$\stackrel{\to }{\nabla }\cdot \left(\epsilon \stackrel{\to }{g}\right)=\stackrel{\to }{\nabla }\cdot \stackrel{\to }{D}+\stackrel{\to }{\nabla }\cdot \stackrel{\to }{P}$ (3-16)

Or, more simply,

$\left(\epsilon \stackrel{\to }{g}\right)=\stackrel{\to }{D}+\stackrel{\to }{P}$ (3-17)

Equation (3-17), is Equation (3-2), multiplied by, $\epsilon =1/\left(4\pi G\right)$. Notice that in electrostatics, we have, in contrast to Equation (3-17), the relation, $\left({\epsilon }_{0}\stackrel{\to }{E}\right)=\stackrel{\to }{D}-\stackrel{\to }{P}$, with a negative sign. In electrostatics, the electric permittivity, equals, ${\epsilon }_{0}=1/\left(4\pi k\right)=8.85\text{E}-12\left(\text{MKS}\right)$. In Equations (3-16), and (3-17), however, we are using the gravitational permittivity, $\epsilon ={\epsilon }_{0}=1/\left(4\pi {G}_{0}\right)=1.192\text{E}9\left( MKS \right)$

Another way to write Equation (2-16), is

$-\stackrel{\to }{\nabla }\cdot \left(\epsilon \stackrel{\to }{g}\right)=\rho ={\rho }_{TOTAL}={\rho }_{F}+{\rho }_{B}$ (3-18)

This follows using the relations, (15a, b). An equation such as, (3-18), is valid both locally, and cosmically, as a smeared quantity. As a local equation, we would have, $\rho \left(\stackrel{\to }{x}\right)={\rho }_{F}\left(\stackrel{\to }{x}\right)+{\rho }_{B}\left(\stackrel{\to }{x}\right)$. As a cosmic equation, where we have smeared or average values, this equation would read, $\stackrel{¯}{\rho }=\stackrel{¯}{{\rho }_{F}}+\stackrel{¯}{{\rho }_{B}}$. Many of the equations, but not all, in this paper can be viewed, and interpreted, both ways. The density parameters in the Friedmann equation are smeared or average values, holding for the universe as a whole. For cosmic quantities, the appropriate temperature is the CBR temperature, and the mass densities evolve epoch by epoch. Within a given cosmological era, smeared values are constant. Thus, $\stackrel{¯}{\chi }=\stackrel{¯}{\chi }\left(a\right)$ has a fixed value in this era, versus another fixed value in another era.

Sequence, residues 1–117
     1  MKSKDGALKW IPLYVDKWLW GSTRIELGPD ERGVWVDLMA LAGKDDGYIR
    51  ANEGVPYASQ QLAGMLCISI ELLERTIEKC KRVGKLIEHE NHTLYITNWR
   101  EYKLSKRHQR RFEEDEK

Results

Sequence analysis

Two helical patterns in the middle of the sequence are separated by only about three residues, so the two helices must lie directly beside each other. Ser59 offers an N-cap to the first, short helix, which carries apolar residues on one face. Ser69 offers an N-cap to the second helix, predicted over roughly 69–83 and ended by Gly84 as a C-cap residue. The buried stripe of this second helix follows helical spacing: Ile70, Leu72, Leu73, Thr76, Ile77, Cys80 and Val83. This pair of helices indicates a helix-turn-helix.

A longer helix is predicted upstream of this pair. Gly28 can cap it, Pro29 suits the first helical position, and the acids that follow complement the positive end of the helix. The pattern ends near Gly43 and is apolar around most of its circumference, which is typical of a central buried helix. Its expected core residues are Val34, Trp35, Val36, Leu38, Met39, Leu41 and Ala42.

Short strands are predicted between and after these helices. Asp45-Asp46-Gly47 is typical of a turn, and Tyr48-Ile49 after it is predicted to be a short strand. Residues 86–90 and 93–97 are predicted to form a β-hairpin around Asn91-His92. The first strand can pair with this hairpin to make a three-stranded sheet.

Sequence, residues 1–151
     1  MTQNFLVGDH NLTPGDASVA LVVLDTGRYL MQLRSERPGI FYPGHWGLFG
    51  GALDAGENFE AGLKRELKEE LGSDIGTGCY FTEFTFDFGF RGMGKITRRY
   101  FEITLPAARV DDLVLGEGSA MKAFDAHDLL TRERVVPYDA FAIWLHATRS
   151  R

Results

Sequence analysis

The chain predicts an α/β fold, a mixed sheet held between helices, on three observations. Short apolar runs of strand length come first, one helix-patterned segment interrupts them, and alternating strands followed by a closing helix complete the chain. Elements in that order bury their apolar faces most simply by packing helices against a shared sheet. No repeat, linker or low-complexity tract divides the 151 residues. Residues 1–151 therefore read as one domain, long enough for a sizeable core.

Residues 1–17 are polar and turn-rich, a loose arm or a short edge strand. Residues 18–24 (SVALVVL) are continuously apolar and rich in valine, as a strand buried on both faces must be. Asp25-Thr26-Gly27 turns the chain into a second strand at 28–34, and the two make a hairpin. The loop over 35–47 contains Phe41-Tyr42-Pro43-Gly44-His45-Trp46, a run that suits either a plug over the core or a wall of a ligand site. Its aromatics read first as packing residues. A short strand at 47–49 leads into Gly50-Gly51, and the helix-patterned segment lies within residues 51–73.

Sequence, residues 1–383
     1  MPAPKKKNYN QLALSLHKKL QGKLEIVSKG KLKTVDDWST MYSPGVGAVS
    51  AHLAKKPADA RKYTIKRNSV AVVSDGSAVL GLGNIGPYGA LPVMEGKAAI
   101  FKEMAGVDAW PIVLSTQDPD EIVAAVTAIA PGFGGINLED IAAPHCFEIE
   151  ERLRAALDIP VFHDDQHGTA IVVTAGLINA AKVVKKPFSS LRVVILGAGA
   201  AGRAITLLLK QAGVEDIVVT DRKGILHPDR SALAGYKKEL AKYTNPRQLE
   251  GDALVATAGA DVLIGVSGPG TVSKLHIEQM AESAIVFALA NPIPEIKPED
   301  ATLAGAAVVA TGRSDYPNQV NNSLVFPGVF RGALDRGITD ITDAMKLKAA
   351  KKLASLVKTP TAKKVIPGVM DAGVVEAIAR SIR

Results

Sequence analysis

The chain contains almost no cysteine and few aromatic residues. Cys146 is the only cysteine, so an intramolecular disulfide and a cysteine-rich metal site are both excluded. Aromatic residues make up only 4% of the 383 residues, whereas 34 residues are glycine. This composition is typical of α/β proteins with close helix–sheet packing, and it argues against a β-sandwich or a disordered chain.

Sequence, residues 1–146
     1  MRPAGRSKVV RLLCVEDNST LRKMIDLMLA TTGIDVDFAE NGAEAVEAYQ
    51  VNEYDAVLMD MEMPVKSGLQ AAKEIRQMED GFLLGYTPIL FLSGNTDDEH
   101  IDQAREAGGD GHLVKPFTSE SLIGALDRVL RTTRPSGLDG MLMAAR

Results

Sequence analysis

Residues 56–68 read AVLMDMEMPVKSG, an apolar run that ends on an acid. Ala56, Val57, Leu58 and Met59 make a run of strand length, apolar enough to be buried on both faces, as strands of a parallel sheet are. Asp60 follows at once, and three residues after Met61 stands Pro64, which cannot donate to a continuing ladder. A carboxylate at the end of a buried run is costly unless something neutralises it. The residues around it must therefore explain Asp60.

We have seen that,

$\stackrel{\to }{P}=\epsilon \chi \stackrel{\to }{g}=\epsilon \stackrel{\to }{{g}^{\left(1\right)}}$, $-\stackrel{\to }{\nabla }\cdot \stackrel{\to }{P}={\rho }_{B}$ (3-19a, b)

We likewise have,

$\stackrel{\to }{D}=\epsilon K\stackrel{\to }{g}=\epsilon \stackrel{\to }{{g}^{\left(0\right)}}$, $-\stackrel{\to }{\nabla }\cdot \stackrel{\to }{D}={\rho }_{F}$ (3-20a, b)

If we combine both, we obtain,

$\epsilon \stackrel{\to }{g}=\epsilon \left(K+\chi \right)\stackrel{\to }{g}$, $-\stackrel{\to }{\nabla }\cdot \left(\epsilon \stackrel{\to }{g}\right)=\rho ={\rho }_{F}+{\rho }_{B}$ (3-21a, b)

In electrostatics, we have, $\left(K-\chi \right)=1$, which indicates screening. But in gravistatics, we notice that, $\left(K+\chi \right)=1$, which signifies anti-screening. See Equations (3-2), and (3-3), and the discussion around them. Some further useful relations are,

$\stackrel{\to }{P}=\left(\chi /K\right)\stackrel{\to }{D}$, $\stackrel{¯}{{\rho }_{B}}=\left(\chi /K\right)\stackrel{¯}{{\rho }_{F}}$ (3-22a, b)